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  • placesfisheriesslideA788x591.jpg

    85 marine-focused campaigns launched by Rare and partners to date.

    85 marine-focused campaigns launched by Rare and partners to date.

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  • fishabundancefisheriesslideB788x591.jpg

    47 percent average increase in fish abundance across 12 of Rare’s sites in the Philippines within two years.

    47 percent average increase in fish abundance across 12 of Rare’s sites in the Philippines within two years.

    University of the Philippines-Marine Environment and Resources Foundation (MERF)

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  • indonesiawidafisheriesslideC788x591.jpg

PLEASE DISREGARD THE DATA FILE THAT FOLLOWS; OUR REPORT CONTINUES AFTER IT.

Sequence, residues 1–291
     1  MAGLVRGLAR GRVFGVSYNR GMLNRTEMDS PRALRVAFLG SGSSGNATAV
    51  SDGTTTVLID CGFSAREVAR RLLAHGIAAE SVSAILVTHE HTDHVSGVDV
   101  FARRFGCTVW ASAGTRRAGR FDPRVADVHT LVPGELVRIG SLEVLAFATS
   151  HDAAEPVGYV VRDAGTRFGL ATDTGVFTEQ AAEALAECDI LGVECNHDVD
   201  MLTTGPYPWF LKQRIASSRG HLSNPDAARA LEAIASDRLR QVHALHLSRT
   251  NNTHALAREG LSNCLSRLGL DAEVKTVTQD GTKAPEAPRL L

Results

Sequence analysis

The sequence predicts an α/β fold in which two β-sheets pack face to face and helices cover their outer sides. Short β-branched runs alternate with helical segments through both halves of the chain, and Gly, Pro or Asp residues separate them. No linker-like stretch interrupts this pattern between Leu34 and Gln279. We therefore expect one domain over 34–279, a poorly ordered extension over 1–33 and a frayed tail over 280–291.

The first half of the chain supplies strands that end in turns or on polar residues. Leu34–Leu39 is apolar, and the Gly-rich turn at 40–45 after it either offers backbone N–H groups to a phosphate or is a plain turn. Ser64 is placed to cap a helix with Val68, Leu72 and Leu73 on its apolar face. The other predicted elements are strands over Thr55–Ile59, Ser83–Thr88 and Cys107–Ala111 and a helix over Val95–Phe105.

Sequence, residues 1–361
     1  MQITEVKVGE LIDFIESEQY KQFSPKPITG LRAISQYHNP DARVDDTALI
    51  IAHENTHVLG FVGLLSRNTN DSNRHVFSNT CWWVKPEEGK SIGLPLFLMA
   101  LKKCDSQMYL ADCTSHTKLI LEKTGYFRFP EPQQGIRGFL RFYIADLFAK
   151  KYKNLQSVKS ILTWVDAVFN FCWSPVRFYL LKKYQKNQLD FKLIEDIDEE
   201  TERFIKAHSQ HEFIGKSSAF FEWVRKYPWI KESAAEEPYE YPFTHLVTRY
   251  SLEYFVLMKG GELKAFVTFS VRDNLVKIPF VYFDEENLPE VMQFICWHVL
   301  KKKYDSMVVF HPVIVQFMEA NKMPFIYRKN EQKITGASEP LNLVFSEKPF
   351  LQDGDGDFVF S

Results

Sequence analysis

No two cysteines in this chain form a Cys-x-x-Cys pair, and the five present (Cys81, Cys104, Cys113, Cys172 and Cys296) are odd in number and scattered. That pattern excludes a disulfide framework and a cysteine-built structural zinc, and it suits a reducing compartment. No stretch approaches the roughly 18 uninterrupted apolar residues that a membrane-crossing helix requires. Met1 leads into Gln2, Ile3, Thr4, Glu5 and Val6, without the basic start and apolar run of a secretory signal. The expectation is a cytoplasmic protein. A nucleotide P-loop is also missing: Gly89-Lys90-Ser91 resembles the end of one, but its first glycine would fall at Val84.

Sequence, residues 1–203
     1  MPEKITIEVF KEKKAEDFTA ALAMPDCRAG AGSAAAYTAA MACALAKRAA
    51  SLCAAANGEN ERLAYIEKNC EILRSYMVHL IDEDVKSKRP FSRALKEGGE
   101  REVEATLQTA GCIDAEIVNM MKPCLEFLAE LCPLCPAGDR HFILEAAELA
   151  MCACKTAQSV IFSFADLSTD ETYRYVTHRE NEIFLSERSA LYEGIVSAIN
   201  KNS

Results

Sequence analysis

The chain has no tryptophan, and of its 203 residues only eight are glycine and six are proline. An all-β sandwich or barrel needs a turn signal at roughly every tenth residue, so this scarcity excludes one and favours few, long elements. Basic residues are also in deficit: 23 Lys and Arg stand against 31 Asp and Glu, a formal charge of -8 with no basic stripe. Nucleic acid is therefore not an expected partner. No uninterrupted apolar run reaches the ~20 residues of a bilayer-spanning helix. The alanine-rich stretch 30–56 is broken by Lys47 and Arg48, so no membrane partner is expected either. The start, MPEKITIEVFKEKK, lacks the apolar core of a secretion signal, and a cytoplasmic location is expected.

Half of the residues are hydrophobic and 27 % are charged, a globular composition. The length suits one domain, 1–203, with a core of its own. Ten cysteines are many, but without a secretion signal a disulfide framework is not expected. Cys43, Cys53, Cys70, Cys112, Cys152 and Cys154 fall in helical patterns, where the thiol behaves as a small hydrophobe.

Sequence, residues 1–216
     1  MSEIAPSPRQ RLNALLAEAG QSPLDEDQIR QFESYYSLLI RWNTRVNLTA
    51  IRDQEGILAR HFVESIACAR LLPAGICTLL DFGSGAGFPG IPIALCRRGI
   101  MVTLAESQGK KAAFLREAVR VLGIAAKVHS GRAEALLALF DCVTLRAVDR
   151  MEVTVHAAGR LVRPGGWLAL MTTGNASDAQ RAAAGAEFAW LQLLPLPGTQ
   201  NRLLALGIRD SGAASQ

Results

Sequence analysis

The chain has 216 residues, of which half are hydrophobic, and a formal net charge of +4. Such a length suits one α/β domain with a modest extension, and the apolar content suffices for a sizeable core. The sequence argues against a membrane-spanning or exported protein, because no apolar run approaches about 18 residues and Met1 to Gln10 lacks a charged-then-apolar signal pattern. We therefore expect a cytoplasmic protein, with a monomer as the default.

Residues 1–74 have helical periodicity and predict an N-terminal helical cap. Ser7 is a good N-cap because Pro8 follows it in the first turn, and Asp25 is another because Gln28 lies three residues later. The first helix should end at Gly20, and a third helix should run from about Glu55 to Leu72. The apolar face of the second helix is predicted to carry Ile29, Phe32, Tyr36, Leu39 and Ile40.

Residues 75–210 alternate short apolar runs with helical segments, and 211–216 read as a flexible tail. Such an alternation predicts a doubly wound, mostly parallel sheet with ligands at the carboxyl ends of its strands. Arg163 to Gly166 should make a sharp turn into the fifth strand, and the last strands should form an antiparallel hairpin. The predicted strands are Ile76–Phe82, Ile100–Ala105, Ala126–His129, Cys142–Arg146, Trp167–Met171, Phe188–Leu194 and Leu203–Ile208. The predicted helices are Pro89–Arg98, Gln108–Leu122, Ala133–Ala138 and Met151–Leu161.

Within two years, Rare’s coastal fish recovery projects facilitated the final design and successful designation of 34 fish recovery zones covering a total area of 52,139 hectares in Indonesia

    Within two years, Rare’s coastal fish recovery projects facilitated the final design and successful designation of 34 fish recovery zones covering a total area of 52,139 hectares in Indonesia.

    Photo: Djuna Ivereigh

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opportunity abounds

With most nearshore fisheries unmanaged, overexploited or even collapsed, Rare sees an unprecedented opportunity
to turn the tide for coastal fisheries around the world.

of global fisheries are overfished
of global fisheries are overfished
of the world’s 35 million fishers work in small-scale fisheries
of the world’s 35 million fishers work in small-scale fisheries
people rely on fish as an important source of protein
people rely on fish as an important source of protein

To scale this solution to thousands of the world’s most vulnerable coastal communities, Rare has partnered with Environmental Defense Fund (EDF) and University of California, Santa Barbara in a global initiative called Fish Forever >